HERE, before me, the lamp, the paper;
And behind me this troubled day
Passed in myself
Following the hundred turns and twistings of my thoughts.
Trying to justify our steps,
And then my steps,
Trying to find my starting-place
Upon my route's confusing plan....
And now, before this paper,
And now, in this my house,
I am still in myself,
And stifling there.
O the great resonant rôles
That all this day I have repeated,
And which, because I can no more improve them,
Now I am going to set down
In my most learnèd eloquence!
Ah my first rôles, costumed in pride,
Moulded in love and bravery,
How they are wearied and humiliated
In this my 'theatre in my arm-chair;'
How they would like to go out just a little into the street!
O all of you whom I resemble,
Have you no pity on us?
What pure poets we are:
In the warm museum of our chamber,
Our navel marks the centre,
And we examine our own ashes
Behind our bolts.
What pure poets we are,
O we collectors of our fevers,
Who 'bring out' our copies of them,
And run, on winter evenings,
To listen to what people say of us!
What pure poets, what pure poets ...
There are mad oceans far away,
And mad skies, and mad sails,
There are mad vessels far away:
We talk of these in the fine weather,
Leaning at our window.
O you, what men are we?
We are attired in black,
We go to our work,
And when the weather is not very certain,
We take our umbrella.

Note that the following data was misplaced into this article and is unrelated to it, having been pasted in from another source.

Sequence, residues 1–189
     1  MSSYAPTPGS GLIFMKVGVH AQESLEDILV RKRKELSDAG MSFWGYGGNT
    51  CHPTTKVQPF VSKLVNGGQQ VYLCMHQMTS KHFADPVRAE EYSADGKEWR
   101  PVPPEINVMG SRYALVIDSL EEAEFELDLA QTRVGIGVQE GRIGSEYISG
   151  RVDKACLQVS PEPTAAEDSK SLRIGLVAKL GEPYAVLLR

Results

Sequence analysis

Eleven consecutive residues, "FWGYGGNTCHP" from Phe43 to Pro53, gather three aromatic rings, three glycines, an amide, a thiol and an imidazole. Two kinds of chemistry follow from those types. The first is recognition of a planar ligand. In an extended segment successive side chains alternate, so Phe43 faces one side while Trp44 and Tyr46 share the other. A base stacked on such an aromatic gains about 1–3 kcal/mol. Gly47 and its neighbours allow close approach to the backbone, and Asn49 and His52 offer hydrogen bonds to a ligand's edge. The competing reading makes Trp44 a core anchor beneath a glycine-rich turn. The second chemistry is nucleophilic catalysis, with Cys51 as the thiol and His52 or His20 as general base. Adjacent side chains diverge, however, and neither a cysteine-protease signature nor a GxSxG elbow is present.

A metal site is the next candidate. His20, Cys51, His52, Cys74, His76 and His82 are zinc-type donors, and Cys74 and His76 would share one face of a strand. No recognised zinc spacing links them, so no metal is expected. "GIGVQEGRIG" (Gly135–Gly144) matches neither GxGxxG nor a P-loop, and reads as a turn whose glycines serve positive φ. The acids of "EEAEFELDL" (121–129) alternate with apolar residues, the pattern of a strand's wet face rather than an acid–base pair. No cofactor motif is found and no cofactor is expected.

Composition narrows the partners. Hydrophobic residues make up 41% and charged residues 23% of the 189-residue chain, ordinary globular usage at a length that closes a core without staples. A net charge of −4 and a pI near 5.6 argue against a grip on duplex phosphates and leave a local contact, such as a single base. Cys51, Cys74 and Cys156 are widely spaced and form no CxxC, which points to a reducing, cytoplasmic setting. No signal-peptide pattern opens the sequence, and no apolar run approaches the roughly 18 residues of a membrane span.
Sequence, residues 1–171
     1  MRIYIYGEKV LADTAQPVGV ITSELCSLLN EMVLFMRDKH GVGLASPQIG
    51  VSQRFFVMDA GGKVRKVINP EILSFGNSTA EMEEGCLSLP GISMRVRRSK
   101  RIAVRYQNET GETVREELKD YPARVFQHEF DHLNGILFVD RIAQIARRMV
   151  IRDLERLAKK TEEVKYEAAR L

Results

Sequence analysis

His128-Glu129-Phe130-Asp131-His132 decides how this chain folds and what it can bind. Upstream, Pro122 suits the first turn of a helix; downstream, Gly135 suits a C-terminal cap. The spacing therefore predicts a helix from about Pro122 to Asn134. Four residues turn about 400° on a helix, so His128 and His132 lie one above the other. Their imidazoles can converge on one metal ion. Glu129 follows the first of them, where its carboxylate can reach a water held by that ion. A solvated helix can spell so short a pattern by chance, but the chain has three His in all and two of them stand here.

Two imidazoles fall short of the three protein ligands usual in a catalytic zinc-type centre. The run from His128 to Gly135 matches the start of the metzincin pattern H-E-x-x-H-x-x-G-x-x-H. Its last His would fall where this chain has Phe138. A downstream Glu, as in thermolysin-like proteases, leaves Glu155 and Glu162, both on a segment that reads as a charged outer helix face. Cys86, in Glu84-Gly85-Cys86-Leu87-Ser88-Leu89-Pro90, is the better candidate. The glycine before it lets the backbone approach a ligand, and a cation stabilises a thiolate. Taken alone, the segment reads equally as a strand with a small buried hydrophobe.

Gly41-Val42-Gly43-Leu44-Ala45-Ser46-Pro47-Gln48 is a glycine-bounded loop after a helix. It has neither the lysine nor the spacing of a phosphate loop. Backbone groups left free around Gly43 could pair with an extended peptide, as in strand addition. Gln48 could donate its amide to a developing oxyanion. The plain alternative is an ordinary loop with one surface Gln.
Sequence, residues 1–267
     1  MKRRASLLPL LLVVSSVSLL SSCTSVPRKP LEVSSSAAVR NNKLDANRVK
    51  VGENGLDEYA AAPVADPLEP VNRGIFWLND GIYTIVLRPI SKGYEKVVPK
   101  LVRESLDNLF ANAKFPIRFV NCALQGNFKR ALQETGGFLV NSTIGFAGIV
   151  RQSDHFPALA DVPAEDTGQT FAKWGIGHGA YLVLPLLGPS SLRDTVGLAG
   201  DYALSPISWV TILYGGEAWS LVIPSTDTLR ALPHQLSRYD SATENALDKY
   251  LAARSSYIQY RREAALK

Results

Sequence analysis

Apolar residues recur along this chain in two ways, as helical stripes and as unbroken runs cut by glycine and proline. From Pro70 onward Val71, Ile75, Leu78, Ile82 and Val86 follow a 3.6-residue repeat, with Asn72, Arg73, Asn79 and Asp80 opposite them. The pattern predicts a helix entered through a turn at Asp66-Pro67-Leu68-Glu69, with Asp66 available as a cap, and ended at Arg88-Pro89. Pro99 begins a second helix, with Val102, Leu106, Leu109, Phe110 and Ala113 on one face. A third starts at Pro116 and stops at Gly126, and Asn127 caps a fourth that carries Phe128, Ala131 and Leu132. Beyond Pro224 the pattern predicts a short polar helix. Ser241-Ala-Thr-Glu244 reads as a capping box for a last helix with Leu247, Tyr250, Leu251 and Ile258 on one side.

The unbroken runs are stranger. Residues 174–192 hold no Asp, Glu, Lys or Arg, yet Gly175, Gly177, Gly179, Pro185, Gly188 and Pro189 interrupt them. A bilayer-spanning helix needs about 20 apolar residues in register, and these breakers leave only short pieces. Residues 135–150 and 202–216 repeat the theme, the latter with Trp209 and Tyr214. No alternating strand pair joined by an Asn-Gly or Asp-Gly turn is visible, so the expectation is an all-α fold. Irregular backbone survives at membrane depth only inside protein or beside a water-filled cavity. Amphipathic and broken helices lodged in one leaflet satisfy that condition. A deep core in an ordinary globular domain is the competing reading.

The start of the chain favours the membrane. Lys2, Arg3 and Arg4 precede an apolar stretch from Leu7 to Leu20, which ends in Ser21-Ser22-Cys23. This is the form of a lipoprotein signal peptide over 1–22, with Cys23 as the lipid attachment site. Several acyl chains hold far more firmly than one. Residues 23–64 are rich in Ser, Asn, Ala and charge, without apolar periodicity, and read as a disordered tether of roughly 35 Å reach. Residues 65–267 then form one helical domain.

I am tired of interior movements!
I am tired of interior departures!
And of heroism with the strokes of a pen,
And of a beauty all in formulas.
I am ashamed of lying to my work,
And that my work should lie unto my life,
And of being able to accommodate myself,
While burning aromatics,
And of the musty odour reigning here....
* * * * * *
Water stagnating, in a pool's dark belly pent,
Water which greens at the soiled heart of old fountains,
Hides in its breast a life intense,
Quivers with being populous with beasts,
And with the long and languid dream of grasses;
It feels the fermentation of the living mud
Whose rotting in slow bubbles it exhales;
But it is blind and does not know the sky,
For death has sheeted it with withered leaves:
It cannot see save what it harbours;
But mute this water is, and cannot sing,
Nor laugh nor murmur like the sea and rivers:
And to itself can only strain a long-drawn echo;
But it is dead, and cannot roam,
And cannot run and leap and glitter,
Caressing quays and boats,
And cannot go to the embrace of mills;
And cannot contemplate save life in its own self.
It is inhabited by life and lives not,
Even as is inhabited by life and lives not,
The inert life of corpses....
And I should like to make come out of me,
To make a poem with, my steps,
Taking or no my pen to witness,
Taking or no my fellow-men to witness,
And I should like ...
The stagnant water, too, would like....
translated by Jethro Bithell
This poem has not been translated into any other language yet.